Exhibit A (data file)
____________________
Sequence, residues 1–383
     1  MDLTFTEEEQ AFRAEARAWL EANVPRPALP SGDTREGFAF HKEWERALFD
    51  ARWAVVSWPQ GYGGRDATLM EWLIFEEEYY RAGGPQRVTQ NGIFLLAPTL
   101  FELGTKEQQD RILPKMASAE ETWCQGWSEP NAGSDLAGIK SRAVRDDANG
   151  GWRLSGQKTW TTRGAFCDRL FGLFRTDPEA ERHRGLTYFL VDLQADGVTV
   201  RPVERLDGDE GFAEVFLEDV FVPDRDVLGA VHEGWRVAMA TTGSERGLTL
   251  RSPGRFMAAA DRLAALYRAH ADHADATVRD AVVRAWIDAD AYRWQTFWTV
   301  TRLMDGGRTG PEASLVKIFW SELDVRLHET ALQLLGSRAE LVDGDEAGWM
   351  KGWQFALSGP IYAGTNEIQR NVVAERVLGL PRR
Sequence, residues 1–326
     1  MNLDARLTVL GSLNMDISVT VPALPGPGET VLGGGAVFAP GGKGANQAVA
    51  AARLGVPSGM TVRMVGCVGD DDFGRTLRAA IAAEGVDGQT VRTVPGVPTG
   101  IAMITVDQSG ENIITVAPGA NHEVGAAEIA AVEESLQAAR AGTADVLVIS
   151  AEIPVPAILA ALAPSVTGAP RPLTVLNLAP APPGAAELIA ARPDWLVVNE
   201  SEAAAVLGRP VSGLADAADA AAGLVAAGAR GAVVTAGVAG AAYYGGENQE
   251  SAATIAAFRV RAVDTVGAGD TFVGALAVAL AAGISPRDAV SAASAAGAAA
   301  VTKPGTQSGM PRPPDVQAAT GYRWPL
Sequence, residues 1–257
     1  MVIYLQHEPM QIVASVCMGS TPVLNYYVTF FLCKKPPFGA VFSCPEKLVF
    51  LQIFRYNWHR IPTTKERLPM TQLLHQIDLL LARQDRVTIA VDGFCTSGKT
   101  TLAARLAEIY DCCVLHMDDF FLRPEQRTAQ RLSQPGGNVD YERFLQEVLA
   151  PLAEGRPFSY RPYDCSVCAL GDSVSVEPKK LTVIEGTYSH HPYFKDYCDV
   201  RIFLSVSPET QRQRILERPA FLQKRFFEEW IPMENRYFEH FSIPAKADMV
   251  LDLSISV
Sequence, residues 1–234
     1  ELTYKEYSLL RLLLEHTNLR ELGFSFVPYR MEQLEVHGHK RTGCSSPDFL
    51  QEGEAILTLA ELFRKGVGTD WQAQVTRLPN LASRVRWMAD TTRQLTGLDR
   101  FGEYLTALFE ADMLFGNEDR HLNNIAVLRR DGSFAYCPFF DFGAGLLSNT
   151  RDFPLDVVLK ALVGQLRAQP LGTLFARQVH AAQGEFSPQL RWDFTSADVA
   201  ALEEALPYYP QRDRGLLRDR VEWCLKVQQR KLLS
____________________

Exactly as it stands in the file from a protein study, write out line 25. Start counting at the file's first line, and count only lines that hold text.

Sequence, residues 1–234